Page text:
Lisa M. McDowell

A Climate Nutritionist Tells All

At Wild Elements, we often say food is love—and it can be medicine, too. Just ask Lisa McDowell, a renowned nutritionist whose clients include Oscar winners, Olympians, and the Detroit Red Wings.

Lisa’s also a founding member of The Farm at St. Joe’s, which produces 40 acres of organically grown fruits and veggies for the patients and staff of St. Joseph Mercy Health System. “We’re basically prescribing fresh, plant-based food to people with health issues,” says Lisa. “Real, whole food makes such a difference to bodies recovering from injury or illness. It matters so much.”

This week, Lisa takes a lead role in Feeding Tomorrow, a documentary by food activist Oliver English about the power and potential of plant-based nutrition. The film is screening at the UN Climate Change Conference in Egypt, but if you can’t make it to Cairo for Lisa’s wisdom, scroll down for her advice on smoothies, ordering room service, and Thanksgiving food shaming instead. “I’ve seen it all,” she laughs. “And I’m here to help.”

If food is medicine, then what should we be eating during cold and flu season?

So our body has literal routes—we call them biochemical metabolic pathways—to pull and distribute nutrients from our food. It’s very cool! To prevent viruses, you want plenty of diverse plants in your body. Some of the stars of the show would be mushrooms, leafy greens, spices, and herbs. We know that pomegranates are very protective for the immune system, too. And if you’re eating seasonally—the deep leafy greens like kale, butternut squash, garlic, broccoli—those are great for colds and flu, and also preventing cancer.

Lisa M. McDowell

In Feeding Tomorrow, you talk about your dad’s pancreatic cancer, and how changing his diet really changed his prognosis.

He’s a 20-year pancreatic cancer survivor. And looking at things like broccoli, brussel sprouts, onions—those have sulfur compounds that are amazing for you. But also green tea, dark chocolate, all kinds of berries…

What’s a food that’s overrated from a wellness perspective?

When you’re paying $20 for an acai bowl and it’s mostly sugar—that’s not ideal. I was ordering bowls for [The Detroit Red Wings] before a game, and I realized there are so many additives—apple juice, maple syrup—and that’s just a ton of sugar. Same with juice companies that sell “green” juice with 50 grams of sugar—like, what? A good smoothie or bowl is great for you, but it should be made with whole foods like fruits, seeds, maybe some nut butter. Not sugar or syrup.

Are there easy ways to optimize what we’re already eating?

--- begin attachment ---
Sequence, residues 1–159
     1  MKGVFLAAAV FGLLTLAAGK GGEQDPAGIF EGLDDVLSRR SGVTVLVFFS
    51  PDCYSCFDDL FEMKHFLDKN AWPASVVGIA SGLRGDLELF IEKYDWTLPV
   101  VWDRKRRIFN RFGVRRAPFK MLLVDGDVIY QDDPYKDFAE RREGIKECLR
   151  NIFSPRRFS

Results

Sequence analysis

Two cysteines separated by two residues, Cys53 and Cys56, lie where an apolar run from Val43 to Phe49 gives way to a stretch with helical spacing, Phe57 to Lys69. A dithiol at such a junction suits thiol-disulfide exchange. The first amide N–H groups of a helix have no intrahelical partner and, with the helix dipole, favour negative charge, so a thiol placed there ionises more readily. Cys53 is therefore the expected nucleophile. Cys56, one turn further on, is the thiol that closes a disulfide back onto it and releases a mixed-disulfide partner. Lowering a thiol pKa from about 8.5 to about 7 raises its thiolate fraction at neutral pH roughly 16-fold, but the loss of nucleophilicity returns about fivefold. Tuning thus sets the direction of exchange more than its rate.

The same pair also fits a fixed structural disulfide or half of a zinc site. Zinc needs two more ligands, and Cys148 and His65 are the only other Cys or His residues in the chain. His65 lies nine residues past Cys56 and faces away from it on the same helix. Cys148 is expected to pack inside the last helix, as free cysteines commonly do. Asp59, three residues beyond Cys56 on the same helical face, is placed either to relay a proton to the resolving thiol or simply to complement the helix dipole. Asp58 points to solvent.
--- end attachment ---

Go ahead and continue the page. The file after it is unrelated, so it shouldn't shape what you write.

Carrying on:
If you’re an oatmeal girl, that’s fine. It's got water-soluble fiber to protect against bad cholesterol and it’ll keep you full. But you can turn oatmeal from a B+ food into an A+ food by going to Costco, picking up a huge bag of organic chia seeds or organic ground flax seeds, maybe hemp seeds, frozen wild blueberries or raspberries if you like that stuff, and load it in there. You can also top it with walnuts, almonds, and pistachios. And you’ve become a breakfast superstar, really, just by lining up those seeds and nuts on your counter in the morning.

What’s your recommendation for people with nut allergies?

Seeds! Sesame seeds, chia and flax, hemp seeds, sunflower butter, those are all fantastic alternatives. And again, pomegranate seeds are loaded.

Lisa M. McDowell

As a nutritionist, how do we separate conversations about health from ideas about body size, which often have nothing to do with health?

Absolutely. We have to get past the culture of setting prejudiced judgments against body sizes, because as you know, it's not about calories. It’s about health… so I always ask people about the whole picture: Sleep, exercise, thyroid health, food, emotional state. It’s not “what size are you?” It’s “Tell me about what you do outside? Tell me about how you’re moving your body, and what kinds of foods make your body feel powerful?”

What’s your advice for holiday dinners where family members get nosy about someone’s food and body size?

You say, “Thanks so much, Uncle Jim, but I’m really good at knowing what works for my body.” And that goes for whether they’re like, “Oh, do you need that extra slice?” or “Eat more, you’re too skinny.” It’s unfortunate that anyone feels like it’s okay to comment on someone else’s body, but we need to set an example to the rest of our family, especially younger members, that it’s okay to stop that kind of talk and immediately redirect the conversation. During the holidays, food should be something that brings people together. It’s a loving act!

What’s your holiday go-to for family potlucks this year?

I try to treat holidays as an opportunity to share a recipe I’ve really perfected. I’m really into roasted root vegetables and mushroom stuffing right now. But look, we all have Instagram, right? We drool over these great recipes. Let’s practice them a little now, and really wow our family by Thanksgiving.

Finally, what advice do you have to people who think they can’t cook?

Oh, you can! I swear! The secret is to keep the food you’re making as close to its natural form as possible. Butternut squash soup, caramelized onions, a little garlic, and you’re done!